There are many causes of female low abdominal pain, pregnancy (intrauterine or ectopic) and pelvic inflammatory diseases are frequent ones, but usually only one of these diagnoses is considered. If there is an inflammatory status with hyperthermia, vaginal discharge, cervical tenderness and large heterogeneous adnexal masses, it is suggestive of PID. On the other hand, if one has a positive pregnancy test or high beta hCG serum levels, the diagnosis of pregnancy is assumed and PID is quite improbable [4,5].
Another challenging point is the management of established PID in a pregnant patient. PID is thought to be associated with poor obstetric outcomes, including impaired embryo implantation, miscarriage, infection, foetal demise, premature rupture of membranes (PROM) and preterm labour. Furthermore, the safety of most of the antibiotics in pregnancy is not clear, especially during the first trimester. There is also little information about surgical procedures (especially those concerning the pelvic organs) during early pregnancy [4,5].
A 17-year-old primigravida female with no significant medical history presented to the emergency room with pelvic pain for the past five days. She reported having started her sexual activity one year before, with two sexual partners until date, the last relationship was recent, and she denied the use of any contraceptive method. She had amenorrhea of three weeks and four days. There were no other symptoms. At general examination she was apyretic, with normal vital signs. She presented pain at low abdominal palpation but there were no signs of acute abdomen. She also presented a purulent and odorous cervical discharge and cervical tenderness.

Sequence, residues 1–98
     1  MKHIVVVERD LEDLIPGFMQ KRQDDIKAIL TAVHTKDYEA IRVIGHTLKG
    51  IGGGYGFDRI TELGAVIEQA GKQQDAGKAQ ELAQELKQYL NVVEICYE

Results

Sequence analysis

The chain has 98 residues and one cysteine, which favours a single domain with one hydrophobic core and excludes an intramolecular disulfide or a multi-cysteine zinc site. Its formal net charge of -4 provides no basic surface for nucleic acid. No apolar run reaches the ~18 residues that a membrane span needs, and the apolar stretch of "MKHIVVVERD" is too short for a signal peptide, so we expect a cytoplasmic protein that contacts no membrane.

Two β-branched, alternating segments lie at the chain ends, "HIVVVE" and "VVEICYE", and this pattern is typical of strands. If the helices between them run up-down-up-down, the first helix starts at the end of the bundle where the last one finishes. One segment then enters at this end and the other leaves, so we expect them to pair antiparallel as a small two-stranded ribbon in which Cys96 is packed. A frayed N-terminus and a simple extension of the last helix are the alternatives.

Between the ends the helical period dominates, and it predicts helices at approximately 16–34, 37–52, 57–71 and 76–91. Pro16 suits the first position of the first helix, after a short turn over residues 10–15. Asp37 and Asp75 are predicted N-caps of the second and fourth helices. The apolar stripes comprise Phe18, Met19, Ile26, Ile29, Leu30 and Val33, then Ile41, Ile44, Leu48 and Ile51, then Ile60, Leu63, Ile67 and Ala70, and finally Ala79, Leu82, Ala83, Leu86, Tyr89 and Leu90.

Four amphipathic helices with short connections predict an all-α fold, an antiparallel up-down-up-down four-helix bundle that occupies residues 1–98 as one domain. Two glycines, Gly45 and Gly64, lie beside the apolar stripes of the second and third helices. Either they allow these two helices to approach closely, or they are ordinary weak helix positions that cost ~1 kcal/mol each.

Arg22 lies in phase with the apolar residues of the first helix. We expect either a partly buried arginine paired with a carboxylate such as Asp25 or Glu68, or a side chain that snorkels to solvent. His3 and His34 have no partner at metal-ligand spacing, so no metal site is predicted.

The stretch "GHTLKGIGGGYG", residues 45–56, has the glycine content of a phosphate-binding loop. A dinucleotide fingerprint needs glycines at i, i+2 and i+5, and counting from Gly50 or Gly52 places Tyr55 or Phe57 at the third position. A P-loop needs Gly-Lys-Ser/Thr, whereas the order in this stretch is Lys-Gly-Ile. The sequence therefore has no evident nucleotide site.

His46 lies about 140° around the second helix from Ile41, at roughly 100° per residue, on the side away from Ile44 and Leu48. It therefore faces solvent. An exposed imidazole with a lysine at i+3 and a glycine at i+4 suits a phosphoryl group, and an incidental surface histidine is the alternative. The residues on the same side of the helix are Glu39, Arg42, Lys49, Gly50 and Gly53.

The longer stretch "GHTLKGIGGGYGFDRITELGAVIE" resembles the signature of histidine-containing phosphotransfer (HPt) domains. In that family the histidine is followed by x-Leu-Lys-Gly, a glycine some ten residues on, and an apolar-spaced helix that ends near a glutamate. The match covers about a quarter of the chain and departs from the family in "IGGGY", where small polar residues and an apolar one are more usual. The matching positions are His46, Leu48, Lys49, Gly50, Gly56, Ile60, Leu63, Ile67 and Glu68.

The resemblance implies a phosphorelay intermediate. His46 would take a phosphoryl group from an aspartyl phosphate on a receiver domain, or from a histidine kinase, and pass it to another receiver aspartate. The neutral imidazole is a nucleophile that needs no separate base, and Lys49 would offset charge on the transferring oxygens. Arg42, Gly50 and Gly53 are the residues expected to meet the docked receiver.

Serum analysis revealed slight anaemia (11.2 g/dL), leucocytosis (18.2 × 103/uL) with neutrophilia (13 × 103/uL, 71%) and elevated CRP (117.3 mg/L). Beta hCG was 113.6 mUI/mL.
Transvaginal ultrasound scan revealed a thickened double layer endometrium with 17 mm but empty uterine cavity, together with a heterogeneous adnexal mass at the right tube with 6 cm of largest diameter and a small amount of free fluid at the Douglas Pouch (Figure 1).
Figure 1: Transvaginal ultrasound scan at admission showing adnexal heterogeneous mass suggestive of tubo-ovarian abscess. View Figure 1
The patient was admitted to our inpatient Obstetrics ward.
She was medicated with intravenous (IV) Ceftriaxone 1 g every 12 hours, Erythromycin 500 mg every 6 hours and Clindamycin 900 mg every 8 hours, Ketorolac 30 mg and Paracetamol 1 g as needed.
During the stay at the hospital there was full clinical and analytic recovery. 48 hours after admission there was a slight clinical recovery, serum analysis revealed improvement of the inflammatory parameters (Leucocytes: 11.3 × 103/uL; CRP: 42.7 mg/L) and increase in beta hCG (312 mUI/mL), compatible with normal evolution of an intrauterine pregnancy. Ultrasound scan findings were similar to the admission; there was still no image of gestation sac inside the uterus. Serologies to Hepatitis B, C and HIV came negative.